70 Ala. 429 (Ala. 1881), Simms v. Kelly

Citation:70 Ala. 429
Opinion Judge:STONE, J.
Party Name:Simms v. Kelly.
Attorney:THOS. M. PETERS, and WM. COOPER, for appellant. CLARK & HARRIS, contra.
Court:Supreme Court of Alabama

Page 429

70 Ala. 429 (Ala. 1881)




Supreme Court of Alabama

December Term, 1881

Bill in Equity by Wife, for Cancellation of Mortgage on Lands claimed as her Statutory Estate.

APPEAL from the Chancery Court of Lawrence.

Heard before the Hon. H. C. SPEAKE.

THOS. M. PETERS, and WM. COOPER, for appellant.

CLARK & HARRIS, contra.


The ante-nuptial conveyance made by Edgar T. Simms to Miss DeGraffenreid contains no words which exclude the marital rights. It was executed and delivered while the grantee, the appellant in this cause, was a femme sole, and conveyed to her a life-estate, with reversion to the grantor. She, consequently, became and was a life-tenant of the freehold when she became the wife of Dr. Simms. This brings her title to the land in controversy directly within the influence of the constitution, and of sections 2505 and 2506 of the Code of 1876. It is property which was held by her previous to the marriage. By the marriage, the property vested in her husband as her trustee, but not as property in him. His right to manage and control her property, his exemption from liability to account with the wife, her heirs or legal representatives, for the rents, income and profits, do not, as once supposed, constitute property; for he may be removed from the trust, and from all right to manage and control the property, or its income and profits, if he abuse the trust reposed in him. So, if the wife survive the husband, her right to manage and control her estate, and to administer its income and profits, becomes as absolute as if she had never married.-- Lee v. Tannenbaum, 62 Ala. 501. It is a mistake to suppose that, by marriage, her husband acquires a life-estate in the wife's property. On this false assumption, the argument was made, and seems to have convinced the chancellor, that because the deed made by Dr. Simms to Miss DeGraffenreid purported to convey only a life-estate, and because by the marriage, which the deed contemplated, that life-estate would and did re-vest in Simms, the grantor, the deed itself could have only an equitable operation, and vested no legal title in the grantee. We have shown above that the premise is unsound. The conclusion is equally untenable.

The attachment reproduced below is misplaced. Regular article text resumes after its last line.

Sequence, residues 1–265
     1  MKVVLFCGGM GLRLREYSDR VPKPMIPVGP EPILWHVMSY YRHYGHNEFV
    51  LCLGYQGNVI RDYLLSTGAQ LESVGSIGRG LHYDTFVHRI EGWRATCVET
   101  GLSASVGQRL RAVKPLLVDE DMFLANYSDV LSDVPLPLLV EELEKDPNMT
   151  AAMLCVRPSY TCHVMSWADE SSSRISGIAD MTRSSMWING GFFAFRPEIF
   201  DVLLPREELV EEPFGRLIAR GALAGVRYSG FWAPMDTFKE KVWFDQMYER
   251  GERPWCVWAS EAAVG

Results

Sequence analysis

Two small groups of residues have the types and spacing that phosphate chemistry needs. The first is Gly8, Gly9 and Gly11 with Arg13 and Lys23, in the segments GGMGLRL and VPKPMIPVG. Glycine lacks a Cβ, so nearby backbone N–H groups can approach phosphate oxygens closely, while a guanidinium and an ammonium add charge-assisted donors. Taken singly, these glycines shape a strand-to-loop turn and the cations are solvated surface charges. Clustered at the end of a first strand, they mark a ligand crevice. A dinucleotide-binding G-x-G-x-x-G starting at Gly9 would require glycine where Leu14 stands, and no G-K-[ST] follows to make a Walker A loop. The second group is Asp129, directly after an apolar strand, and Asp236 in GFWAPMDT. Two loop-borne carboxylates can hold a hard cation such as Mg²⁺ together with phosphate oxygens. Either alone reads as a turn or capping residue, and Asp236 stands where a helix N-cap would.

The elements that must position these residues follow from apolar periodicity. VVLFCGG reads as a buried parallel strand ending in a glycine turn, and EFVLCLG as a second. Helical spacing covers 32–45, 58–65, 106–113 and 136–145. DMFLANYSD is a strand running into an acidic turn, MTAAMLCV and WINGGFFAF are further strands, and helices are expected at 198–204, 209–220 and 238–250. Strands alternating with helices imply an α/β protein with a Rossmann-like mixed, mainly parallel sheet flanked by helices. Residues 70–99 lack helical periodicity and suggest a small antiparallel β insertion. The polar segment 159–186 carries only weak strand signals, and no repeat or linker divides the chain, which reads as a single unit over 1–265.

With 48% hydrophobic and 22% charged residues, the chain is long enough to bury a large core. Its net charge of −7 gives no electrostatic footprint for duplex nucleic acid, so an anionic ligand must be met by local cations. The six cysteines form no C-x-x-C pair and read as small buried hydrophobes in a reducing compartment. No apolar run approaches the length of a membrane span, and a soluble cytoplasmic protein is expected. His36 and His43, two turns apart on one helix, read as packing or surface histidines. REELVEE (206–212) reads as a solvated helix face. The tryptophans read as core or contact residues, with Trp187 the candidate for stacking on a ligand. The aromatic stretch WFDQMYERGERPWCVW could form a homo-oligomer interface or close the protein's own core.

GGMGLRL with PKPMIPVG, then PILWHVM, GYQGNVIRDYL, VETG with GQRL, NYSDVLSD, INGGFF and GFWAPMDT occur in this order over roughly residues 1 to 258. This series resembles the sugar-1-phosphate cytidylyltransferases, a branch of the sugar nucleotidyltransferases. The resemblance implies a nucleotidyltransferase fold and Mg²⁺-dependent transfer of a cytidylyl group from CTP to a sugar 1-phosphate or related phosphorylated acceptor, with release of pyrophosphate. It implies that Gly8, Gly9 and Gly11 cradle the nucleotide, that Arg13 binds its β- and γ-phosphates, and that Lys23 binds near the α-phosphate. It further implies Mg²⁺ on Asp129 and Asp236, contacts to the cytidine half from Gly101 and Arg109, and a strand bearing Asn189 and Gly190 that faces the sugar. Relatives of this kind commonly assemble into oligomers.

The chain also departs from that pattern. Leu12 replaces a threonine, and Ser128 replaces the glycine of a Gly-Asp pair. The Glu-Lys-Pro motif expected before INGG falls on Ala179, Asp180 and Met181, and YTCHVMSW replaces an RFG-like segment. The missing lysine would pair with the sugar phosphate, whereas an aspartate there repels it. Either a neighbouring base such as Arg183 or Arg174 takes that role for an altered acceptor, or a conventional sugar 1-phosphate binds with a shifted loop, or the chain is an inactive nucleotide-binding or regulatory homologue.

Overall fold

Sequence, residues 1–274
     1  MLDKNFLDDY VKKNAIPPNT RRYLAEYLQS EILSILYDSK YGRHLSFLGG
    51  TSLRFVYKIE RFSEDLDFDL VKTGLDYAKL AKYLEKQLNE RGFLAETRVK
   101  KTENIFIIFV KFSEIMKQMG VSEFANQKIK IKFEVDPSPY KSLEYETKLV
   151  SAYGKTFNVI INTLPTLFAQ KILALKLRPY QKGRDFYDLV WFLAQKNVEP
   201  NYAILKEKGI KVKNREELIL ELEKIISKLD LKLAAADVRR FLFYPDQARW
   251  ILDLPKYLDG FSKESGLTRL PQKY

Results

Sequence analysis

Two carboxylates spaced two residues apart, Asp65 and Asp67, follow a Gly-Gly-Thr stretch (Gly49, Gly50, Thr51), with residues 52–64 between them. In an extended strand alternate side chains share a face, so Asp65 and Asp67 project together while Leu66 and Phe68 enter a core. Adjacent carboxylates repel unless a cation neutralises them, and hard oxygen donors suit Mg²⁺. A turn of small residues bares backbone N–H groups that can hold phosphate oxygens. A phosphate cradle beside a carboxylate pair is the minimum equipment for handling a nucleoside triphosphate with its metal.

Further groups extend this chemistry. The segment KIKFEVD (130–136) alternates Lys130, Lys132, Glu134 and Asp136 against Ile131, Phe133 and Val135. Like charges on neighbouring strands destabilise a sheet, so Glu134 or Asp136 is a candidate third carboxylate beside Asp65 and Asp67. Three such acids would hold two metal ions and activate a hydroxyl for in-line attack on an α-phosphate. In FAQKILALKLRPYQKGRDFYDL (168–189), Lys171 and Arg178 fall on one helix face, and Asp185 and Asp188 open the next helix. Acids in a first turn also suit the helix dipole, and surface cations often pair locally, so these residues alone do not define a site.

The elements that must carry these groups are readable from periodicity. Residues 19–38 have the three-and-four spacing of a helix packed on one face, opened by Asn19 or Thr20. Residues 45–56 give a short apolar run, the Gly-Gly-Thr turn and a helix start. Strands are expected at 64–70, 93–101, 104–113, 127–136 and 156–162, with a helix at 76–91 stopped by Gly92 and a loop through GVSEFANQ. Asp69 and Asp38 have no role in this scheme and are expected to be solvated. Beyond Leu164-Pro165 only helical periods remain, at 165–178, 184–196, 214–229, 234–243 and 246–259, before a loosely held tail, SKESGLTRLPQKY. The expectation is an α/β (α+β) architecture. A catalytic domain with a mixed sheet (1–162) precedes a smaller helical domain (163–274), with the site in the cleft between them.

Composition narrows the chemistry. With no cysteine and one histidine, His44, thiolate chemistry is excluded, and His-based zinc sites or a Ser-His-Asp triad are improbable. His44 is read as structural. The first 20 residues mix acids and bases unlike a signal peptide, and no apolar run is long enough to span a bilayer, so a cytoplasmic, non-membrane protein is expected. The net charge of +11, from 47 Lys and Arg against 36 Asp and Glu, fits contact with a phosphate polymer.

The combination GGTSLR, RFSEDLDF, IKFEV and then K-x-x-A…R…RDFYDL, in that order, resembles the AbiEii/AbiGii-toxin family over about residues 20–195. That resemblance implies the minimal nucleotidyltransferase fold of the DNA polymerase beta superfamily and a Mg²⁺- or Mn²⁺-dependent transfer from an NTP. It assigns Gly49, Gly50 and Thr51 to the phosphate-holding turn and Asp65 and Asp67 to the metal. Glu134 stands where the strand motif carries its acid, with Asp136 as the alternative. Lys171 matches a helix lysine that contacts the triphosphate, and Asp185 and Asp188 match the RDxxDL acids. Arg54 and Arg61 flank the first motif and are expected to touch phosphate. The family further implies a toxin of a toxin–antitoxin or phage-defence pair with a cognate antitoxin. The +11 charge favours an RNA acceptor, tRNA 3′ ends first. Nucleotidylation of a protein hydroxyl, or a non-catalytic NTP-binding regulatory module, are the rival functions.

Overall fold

The land being the statutory separate estate of Mrs. Simms, her conveyance in payment of, or security for the debt of her husband, was inoperative, and a nullity.-- Williams, Birnie & Co. v. Bass, 57 Ala....

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